" TVuifl y an p o to prayt-r with us air?"
The amazed circuit rider fell upon jiis kn-es
and priyed. tittrrinn he hirdly knew what.
.When he left the house, the poor creature of
a slave nad crept up and knelt at the door
durinu prayer, with his body eory with blood
down to his very heels. Congregational Jour-
Caw'T Stawo It Elibu Burrilt rafuaei u
aland aa the Liberty Parti' candidate for the of
Ece of Lieut. Governor. We expected hiagood
emit wguld brinj him to such a decision.
PROTEST AGAINST AMERICAN SLAVERY
BY ONE HUNDRED AND
SEVENTY UNITARIAN MINISTERS.
Wb, th ndr1rrn1, diVltilo of Chrlet
(tnd Ministirs of his Gospel, to beirinj sol
emn fcwtimony affainstthe systrm of Amcri
ein SI ivery, deem it proper in the first place
to declare the rrroiinds of our action.
Wo owe it to Three Millions of Slaves,
our f.-llow nr-n and brethren, to do wh it we
rightfully r- in to undo their burdens. The
wronirj of the SItve, however distant he
nny be. are our wron-rsi for Jesus has taught
us th tt every suflercr whom we r.ia relieve
is our neiolibor, thonirha stranger, ol another
ric" m l in a distint linJ.
W.i owe it to the Slaveholders, our fellow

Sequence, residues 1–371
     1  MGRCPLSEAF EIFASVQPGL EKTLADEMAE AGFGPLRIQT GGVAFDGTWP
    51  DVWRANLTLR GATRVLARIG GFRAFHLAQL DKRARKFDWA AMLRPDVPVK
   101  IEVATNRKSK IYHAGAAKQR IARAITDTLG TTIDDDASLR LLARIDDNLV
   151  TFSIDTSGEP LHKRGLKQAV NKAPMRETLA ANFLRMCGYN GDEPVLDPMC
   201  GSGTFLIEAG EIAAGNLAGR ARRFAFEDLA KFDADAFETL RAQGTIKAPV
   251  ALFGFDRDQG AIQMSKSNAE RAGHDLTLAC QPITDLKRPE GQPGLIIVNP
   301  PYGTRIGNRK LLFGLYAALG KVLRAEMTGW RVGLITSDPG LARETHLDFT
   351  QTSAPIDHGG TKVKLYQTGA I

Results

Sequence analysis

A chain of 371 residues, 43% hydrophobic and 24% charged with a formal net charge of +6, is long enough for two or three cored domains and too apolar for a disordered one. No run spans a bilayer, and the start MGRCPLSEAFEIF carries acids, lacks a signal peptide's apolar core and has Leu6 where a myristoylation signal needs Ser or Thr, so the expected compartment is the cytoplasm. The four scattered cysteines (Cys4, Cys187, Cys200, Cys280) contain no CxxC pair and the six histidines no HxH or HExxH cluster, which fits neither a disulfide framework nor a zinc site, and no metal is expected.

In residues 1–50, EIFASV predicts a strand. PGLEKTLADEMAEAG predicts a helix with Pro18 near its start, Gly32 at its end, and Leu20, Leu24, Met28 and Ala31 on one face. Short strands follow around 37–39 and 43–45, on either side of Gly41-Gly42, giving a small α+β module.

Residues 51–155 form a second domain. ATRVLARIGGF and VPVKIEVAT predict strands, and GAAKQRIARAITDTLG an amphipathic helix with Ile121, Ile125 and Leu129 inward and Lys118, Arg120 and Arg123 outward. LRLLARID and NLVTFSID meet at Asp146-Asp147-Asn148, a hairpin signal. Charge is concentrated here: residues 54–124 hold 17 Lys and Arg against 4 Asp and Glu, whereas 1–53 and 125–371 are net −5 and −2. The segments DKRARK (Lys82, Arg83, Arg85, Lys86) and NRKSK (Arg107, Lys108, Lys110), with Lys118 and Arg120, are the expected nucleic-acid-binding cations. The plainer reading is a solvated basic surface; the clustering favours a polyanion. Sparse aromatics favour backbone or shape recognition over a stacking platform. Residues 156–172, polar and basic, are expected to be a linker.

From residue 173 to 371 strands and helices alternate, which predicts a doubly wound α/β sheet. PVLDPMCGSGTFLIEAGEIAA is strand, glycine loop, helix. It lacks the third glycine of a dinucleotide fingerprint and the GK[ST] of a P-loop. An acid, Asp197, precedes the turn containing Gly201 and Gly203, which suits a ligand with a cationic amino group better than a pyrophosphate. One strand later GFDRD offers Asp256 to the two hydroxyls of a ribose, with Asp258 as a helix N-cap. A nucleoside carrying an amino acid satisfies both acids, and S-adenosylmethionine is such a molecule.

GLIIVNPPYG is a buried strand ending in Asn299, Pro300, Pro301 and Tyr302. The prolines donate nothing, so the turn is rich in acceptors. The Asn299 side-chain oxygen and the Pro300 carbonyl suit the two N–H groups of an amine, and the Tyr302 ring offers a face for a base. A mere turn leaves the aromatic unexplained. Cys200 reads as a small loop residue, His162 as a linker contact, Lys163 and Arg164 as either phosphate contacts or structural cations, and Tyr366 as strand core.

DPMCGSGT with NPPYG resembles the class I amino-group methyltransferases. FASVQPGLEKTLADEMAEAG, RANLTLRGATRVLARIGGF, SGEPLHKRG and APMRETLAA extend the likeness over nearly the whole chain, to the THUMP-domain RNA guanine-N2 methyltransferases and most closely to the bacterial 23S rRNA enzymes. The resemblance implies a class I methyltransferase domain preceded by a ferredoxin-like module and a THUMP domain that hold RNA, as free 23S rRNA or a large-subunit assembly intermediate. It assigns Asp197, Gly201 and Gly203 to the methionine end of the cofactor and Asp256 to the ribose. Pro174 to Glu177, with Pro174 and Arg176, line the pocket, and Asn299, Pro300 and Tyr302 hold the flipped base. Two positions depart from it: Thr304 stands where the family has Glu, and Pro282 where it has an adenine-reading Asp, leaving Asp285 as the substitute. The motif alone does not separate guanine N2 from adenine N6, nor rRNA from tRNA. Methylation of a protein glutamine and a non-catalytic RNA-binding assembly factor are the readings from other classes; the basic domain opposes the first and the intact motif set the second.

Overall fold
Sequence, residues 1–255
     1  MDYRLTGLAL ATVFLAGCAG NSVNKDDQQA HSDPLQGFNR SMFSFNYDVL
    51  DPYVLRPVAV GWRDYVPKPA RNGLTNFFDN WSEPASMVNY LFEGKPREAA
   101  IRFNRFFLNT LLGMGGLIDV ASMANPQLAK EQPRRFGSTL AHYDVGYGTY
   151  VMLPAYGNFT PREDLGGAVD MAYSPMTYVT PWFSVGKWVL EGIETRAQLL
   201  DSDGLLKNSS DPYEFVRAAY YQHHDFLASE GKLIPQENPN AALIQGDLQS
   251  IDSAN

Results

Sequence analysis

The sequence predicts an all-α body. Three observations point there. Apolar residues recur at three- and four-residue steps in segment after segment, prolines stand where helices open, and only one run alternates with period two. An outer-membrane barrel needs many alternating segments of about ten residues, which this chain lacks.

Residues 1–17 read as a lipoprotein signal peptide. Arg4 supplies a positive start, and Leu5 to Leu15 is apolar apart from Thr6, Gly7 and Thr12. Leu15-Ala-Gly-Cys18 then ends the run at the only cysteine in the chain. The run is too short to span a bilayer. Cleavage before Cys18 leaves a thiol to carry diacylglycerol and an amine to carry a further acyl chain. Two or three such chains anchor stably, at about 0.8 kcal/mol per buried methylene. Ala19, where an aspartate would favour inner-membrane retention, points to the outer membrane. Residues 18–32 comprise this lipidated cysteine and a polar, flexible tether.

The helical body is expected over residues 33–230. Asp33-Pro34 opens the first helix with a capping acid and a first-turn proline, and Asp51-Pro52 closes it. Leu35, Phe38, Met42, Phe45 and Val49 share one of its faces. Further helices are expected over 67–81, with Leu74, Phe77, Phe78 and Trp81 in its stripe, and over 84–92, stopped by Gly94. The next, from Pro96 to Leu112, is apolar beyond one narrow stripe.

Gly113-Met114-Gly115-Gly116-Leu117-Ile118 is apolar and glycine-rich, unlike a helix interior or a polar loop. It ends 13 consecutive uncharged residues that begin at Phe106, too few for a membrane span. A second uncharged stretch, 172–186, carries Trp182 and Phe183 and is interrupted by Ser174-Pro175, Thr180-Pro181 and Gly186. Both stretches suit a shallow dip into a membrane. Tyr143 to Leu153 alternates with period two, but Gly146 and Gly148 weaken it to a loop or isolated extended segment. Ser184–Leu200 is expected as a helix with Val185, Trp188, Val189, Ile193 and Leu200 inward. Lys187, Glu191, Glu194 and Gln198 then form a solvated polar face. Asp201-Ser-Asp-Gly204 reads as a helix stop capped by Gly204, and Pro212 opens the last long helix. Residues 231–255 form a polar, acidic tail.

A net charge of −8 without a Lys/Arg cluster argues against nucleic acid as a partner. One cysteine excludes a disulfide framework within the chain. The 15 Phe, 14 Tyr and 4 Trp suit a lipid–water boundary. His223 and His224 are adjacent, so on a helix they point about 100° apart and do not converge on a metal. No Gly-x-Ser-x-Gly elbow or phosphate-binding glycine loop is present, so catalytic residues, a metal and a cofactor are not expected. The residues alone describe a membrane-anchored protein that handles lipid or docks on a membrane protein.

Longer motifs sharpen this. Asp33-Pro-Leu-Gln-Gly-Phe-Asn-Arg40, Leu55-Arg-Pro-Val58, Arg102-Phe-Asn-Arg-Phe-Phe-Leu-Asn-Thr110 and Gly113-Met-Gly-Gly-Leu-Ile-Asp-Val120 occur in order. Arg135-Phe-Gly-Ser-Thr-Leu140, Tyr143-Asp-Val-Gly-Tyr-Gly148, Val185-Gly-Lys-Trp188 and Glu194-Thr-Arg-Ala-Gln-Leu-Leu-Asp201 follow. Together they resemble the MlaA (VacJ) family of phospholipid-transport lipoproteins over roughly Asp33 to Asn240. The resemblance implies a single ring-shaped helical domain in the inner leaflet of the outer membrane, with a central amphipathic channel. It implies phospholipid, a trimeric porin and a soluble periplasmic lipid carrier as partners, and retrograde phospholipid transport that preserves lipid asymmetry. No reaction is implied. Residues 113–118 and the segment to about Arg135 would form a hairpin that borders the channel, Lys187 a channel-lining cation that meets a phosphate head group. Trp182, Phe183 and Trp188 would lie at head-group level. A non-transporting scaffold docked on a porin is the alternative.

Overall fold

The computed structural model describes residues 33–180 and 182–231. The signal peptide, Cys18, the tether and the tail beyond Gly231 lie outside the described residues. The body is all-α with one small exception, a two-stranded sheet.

men nn l brethren, whom vri believe to be
in ft position hostile ti the influences of
Christiinitv. to speak a wor t of warning
eoncerniiiir'th? in-aril evil anl inhumiuity ol
thn system with which they are connected.
Consequently Southern men of better
chancier who would not, pcrhap-i. them
selves sanction sueh eonstr tint, are nai'er
tholcsj left without instruction as to their
duty in relation to slavery. Anil if neither
rolifritm nor he instincts of humanity, nor
thelirst principles of American liberty have
tiuoht them tli.it the system is wronj, their
ignorance nny not be wholly their fiult, but
if would be ours if we were to su!Ter it to
remain. That they have been educated U
believe that Slaveliol.linj is ri'lit, m ly be a
tenon why we should not severely blame
them, but it is also the reason why we shout J
show them the 'ruth; since the truth on this
subject must come ta them, if at all, from
the free St ites, through books, writing and
These reasons would induce us to speak,
even if the Njrth were doinw nothing to up
hold Slavery. But our political, commer
cial and sneiil relations with the South, by
thn lonij silence of Northern Christians and
Churches, by the fict tint Northern men,
Coin:! to the South, often become Slavehold
ers and npolnrrists for SI ivery, we have iriv-
rn the SI ivchjlders jeasnn to believe th it
it is only the accident of our position which
prevents ns from engajjin in this syst3in as
fully as-thems-dves. Our silenee therefore
is upholding Slavery and we must speak
agiiust it in order not ta speak in its support.
Esprehny do we feel that the denomina
tion which tikes for its motto -"'Liberty, Ho
liness and Love, shou? 1 be foremost in op
posing; this system. Mom than others we
have contended for three preit principles,
individual liberty, perfect ri rhtHousiiess, an I
human brotherhood. All of these are gross
ly violited by the system of SI ivery. We
contend for mentd freedom; shall we not de
nounce the system which fetters both mind